“A Cosmic Perspective: Searching for Aliens, Finding Ourselves” with Jill Tarter (SETI Institute, California, USA)

Are we alone? Humans have been asking this question throughout history. We want to know where we came from, how we fit into the cosmos, and where we are going. We want to know whether there is life beyond the Earth and whether any of it is intelligent.  
Since the middle of the twentieth century we have had new tools that permit us to embark on a scientific exploration to try to answer this old question. We no longer have to ask the priests and philosophers what we should believe about extraterrestrial life; we can explore and discover what’s actually out there. Our tools are getting ever better.  We have discovered extremophiles in the most unexpected places on this planet and we have discovered that there really are far more planets than stars out there. We haven’t yet found life beyond Earth. Evidence for extraterrestrial life may turn out to be ambiguous, as illustrated by the recent debate over the claim of Phosphine in the clouds of Venus, and whether this might imply biology. Evidence for technosignatures could be less ambiguous. There is a vast amount of other potentially-habitable real estate to explore beyond our solar system, and there are many plans to do just that. The 21st century will be the century in which we will find some answers. 
As we look up and look out, we are forced to see ourselves from a cosmic perspective; a perspecive that shows us as all the same, all Earthlings. This perspective is fundamental to finding a way to sustain life on Earth for the long future.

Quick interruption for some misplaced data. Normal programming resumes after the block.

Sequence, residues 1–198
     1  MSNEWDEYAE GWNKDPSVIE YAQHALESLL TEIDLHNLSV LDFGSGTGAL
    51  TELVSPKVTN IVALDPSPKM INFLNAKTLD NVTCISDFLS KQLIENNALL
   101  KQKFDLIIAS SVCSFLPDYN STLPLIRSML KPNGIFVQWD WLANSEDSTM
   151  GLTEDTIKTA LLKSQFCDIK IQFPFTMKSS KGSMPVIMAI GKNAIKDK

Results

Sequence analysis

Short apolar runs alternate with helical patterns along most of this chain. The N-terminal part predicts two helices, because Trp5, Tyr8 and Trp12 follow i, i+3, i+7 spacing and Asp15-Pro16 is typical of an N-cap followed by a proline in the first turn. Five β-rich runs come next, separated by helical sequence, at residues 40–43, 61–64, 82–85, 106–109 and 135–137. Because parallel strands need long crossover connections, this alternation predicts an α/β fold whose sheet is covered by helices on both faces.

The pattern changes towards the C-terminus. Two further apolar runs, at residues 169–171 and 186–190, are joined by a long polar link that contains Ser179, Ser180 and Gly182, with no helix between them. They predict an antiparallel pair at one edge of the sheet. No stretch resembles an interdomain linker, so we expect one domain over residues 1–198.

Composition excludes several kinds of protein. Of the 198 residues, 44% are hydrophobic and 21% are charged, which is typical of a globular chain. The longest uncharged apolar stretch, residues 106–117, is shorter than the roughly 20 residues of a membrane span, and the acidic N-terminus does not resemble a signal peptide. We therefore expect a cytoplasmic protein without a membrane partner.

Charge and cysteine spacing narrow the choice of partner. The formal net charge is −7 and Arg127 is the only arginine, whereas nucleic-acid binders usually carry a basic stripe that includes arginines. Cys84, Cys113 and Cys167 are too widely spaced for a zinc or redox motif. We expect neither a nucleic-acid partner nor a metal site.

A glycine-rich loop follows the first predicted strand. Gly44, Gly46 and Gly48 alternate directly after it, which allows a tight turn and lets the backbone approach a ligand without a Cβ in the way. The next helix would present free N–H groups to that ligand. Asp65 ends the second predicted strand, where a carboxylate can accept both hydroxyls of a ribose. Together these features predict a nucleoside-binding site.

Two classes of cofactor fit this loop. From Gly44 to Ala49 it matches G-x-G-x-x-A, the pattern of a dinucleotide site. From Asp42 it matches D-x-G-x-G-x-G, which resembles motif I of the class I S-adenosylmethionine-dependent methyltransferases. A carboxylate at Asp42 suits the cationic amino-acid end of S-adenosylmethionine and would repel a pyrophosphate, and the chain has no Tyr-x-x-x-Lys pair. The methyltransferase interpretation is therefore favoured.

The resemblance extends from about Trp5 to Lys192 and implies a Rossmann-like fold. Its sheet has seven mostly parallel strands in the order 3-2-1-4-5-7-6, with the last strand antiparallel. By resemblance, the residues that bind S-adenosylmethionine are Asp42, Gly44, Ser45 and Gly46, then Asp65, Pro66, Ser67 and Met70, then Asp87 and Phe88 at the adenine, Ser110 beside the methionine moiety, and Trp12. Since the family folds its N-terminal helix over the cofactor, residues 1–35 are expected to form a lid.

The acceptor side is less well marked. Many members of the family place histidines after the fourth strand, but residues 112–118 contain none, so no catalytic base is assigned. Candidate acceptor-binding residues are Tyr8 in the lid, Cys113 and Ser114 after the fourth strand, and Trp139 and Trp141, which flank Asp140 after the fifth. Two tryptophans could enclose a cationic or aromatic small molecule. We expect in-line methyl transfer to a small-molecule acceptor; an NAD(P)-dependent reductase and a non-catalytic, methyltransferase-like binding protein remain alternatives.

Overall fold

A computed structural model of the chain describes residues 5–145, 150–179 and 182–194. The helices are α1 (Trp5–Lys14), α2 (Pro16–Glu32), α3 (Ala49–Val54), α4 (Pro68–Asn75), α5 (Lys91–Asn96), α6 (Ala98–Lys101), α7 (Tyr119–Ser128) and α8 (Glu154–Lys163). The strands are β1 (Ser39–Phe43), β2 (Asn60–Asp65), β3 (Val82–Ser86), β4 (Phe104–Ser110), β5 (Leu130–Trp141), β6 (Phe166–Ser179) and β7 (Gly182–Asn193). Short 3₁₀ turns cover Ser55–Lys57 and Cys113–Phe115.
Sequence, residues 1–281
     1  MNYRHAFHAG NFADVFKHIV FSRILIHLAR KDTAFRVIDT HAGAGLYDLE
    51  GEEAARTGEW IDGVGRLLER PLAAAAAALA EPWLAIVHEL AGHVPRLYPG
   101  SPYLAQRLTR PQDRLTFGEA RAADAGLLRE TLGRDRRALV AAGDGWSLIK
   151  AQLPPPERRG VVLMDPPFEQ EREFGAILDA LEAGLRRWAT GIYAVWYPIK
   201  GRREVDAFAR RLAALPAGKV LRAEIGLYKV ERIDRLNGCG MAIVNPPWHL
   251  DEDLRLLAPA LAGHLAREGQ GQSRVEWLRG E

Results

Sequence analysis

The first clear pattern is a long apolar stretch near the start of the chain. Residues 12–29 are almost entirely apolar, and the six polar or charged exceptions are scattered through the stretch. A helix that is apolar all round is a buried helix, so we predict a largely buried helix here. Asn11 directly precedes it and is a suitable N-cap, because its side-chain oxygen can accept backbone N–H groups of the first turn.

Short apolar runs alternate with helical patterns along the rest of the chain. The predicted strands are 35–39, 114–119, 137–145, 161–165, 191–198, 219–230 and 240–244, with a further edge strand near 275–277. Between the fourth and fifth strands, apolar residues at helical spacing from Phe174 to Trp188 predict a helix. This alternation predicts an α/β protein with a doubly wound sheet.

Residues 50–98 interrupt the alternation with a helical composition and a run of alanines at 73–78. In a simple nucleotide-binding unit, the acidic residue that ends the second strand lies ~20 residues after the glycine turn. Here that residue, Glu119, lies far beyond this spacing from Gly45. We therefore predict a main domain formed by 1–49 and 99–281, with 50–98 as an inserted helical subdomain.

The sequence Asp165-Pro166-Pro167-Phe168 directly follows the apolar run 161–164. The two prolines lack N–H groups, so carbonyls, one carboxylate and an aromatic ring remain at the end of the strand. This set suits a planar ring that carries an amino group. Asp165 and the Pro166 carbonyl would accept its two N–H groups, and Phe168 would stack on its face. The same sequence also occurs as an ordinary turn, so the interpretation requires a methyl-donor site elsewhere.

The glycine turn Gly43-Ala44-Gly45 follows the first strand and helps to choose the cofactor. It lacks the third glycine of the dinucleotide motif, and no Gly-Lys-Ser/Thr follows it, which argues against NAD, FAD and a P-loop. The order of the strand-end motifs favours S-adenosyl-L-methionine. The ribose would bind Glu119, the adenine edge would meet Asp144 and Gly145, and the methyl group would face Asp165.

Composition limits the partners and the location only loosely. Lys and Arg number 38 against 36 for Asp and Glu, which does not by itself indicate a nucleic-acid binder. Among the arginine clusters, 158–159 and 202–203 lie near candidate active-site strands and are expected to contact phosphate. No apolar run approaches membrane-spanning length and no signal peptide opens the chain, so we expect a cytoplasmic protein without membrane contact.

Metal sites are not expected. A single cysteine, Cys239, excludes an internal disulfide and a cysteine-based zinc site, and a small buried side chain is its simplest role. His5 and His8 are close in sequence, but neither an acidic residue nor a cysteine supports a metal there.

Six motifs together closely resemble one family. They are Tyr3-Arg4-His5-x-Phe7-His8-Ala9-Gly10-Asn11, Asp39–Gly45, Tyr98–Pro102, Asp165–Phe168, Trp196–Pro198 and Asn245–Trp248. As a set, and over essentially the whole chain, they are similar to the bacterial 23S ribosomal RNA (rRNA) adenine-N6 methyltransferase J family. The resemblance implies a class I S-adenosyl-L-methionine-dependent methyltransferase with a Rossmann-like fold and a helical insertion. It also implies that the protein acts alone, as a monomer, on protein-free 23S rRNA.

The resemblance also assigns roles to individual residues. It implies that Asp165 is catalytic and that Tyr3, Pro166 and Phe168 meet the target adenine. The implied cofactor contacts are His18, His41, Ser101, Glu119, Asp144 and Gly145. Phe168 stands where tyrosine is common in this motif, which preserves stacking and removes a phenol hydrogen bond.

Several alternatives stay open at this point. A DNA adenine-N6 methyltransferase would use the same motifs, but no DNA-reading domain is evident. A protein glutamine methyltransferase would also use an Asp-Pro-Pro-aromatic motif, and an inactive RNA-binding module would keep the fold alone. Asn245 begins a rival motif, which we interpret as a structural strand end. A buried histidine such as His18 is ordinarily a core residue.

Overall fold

Jill Tarter is the emeritus Chair for SETI Research at the SETI Institute in Mountain View, California. As a founding member of the SETI institute, and as its director for SETI Research between 1999-2012, she has played a central role in securing private investment to advance SETI science after NASA’s SETI program was terminated in 1993. She continues to do so as a member of the management board for the Allen Telescope Array (ATA). Throughout her distinguished career – which began with a Bachelor of Engineering Physics from Cornell and a PhD degree from UC Berkley – Jill Tarter’s work in astronomy and astrobiology has been recognized by many awards, e.g.: two Public Service Medals from NASA, the Lifetime Achievement Award by Women in Aerospace (1989), the Adler Planetarium Women in Space Science Award (2003), the Carl Sagan Prize for Science Popularization (2005), the TED Prize (2009) and the 2014 Jansky Lectureship. She was elected a Fellow of the American Association for the Advancement of Science in 2002, Legacy Fellow of the American Astronomical Society in 2020, and a member of the American Academy of Arts and Sciences in 2021. In 2004 Time Magazine named her one of the Time 100 most influential people in the world, and in 2012 one of the Time 25 most influential people in space.

Webinar was recorded on February 17, 2022